Microhabitat Characteristics That Regulate Ant Richness Patterns: The Importance of Leaf Litter for Epigaeic Ants
Keywords:Environmental heterogeneity, leaf litter, model selection, AICc, cloud forest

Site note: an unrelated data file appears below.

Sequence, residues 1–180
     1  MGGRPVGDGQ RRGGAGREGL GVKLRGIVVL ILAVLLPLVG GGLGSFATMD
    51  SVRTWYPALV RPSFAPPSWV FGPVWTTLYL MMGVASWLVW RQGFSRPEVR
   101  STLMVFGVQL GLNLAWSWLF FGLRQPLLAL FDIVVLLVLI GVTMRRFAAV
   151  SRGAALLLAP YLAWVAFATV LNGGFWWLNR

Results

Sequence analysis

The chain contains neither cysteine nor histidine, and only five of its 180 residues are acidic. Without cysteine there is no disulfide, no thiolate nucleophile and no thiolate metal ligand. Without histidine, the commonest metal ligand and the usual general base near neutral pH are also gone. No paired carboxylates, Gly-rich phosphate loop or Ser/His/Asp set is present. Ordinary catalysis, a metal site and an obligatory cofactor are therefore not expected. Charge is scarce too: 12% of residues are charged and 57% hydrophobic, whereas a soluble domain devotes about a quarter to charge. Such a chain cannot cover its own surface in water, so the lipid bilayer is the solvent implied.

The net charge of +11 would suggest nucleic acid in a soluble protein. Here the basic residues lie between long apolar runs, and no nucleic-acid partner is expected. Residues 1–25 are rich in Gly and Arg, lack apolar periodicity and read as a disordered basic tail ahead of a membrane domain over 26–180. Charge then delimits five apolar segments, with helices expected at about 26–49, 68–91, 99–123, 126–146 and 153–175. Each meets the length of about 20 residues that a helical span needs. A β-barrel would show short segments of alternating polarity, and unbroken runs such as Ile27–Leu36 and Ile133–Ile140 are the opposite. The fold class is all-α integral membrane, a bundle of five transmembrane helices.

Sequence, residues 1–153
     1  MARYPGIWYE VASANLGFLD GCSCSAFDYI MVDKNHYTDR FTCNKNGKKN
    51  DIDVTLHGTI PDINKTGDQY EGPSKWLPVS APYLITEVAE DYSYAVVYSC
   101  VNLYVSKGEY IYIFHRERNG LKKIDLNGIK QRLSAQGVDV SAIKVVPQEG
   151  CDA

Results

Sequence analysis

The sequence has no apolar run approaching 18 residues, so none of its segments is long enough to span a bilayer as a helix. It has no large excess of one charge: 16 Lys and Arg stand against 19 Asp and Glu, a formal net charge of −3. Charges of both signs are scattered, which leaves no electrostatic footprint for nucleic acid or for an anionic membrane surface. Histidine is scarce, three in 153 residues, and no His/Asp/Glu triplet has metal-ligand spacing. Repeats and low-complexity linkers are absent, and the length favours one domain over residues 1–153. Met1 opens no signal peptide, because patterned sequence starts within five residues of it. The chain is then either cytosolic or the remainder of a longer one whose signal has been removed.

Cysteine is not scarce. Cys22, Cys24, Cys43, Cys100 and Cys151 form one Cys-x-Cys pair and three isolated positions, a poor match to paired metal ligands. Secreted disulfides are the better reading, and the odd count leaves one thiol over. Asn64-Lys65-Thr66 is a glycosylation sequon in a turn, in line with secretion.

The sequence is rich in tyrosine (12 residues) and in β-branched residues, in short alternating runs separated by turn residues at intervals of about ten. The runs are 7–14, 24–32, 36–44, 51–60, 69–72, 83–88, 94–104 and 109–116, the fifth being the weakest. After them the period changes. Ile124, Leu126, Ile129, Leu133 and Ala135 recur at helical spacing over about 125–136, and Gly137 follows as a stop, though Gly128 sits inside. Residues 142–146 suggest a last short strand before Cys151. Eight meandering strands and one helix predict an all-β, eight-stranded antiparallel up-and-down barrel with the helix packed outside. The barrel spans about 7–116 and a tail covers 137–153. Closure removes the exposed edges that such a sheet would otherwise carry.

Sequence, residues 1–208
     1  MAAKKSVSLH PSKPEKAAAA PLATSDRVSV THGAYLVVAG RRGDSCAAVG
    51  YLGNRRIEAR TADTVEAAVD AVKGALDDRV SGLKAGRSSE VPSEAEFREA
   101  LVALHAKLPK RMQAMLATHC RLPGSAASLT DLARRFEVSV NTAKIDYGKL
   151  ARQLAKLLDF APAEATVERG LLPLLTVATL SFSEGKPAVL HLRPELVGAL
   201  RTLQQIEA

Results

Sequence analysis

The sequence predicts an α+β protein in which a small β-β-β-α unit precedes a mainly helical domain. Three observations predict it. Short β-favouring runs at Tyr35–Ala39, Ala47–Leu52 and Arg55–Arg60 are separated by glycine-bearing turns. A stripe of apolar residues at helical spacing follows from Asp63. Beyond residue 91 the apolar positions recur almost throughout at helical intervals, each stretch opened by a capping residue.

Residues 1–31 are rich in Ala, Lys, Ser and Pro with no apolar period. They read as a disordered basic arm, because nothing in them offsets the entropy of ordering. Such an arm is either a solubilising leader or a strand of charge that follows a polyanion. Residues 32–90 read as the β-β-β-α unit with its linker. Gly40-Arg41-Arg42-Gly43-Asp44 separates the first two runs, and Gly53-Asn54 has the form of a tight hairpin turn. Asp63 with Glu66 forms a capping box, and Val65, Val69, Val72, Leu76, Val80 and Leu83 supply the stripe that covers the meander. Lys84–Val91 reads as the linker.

We assessed the effect of conditions and resources on the species richness of epigaeic ants in a cloud forest of the Ibitipoca State Park, Brazil. We hypothesized that the characteristics that are best related with the epigaeic microhabitat affects ant richness more closely than other characteristics. At each sampling site (36 in total) we set up an epigaeic pitfall to capture ants and measured the following environmental variables (conditions and resources): tree density, tree height, circumference at breast height, density of the herbaceous and shrubby vegetation, weight and heterogeneity of the leaf litter, and canopy cover. We built general linear models and used a function that classifies alternative models according to the second-order Akaike information criterion (AICc), in order to assess which environmental variables affect ant species richness. We collected 37 ant species and the models that better explained the variations in ant richness were: (1) null model; (2) heterogeneity of the leaf litter; and (3) weight of the leaf litter. These two environmental variables are positively related to ant richness. It is possible that epigaeic ants are influenced by the high quantity and quality of food and nesting sites provided by a heterogeneous and abundant leaf litter. Relationships between species richness and environmental characteristics should consider different predictor variables related to the microhabitat, since each microhabitat may have a specific pattern and predictor variable. Thus, the understanding of the effects of the microhabitat variables on species richness could help predicting the consequences of anthropogenic impacts
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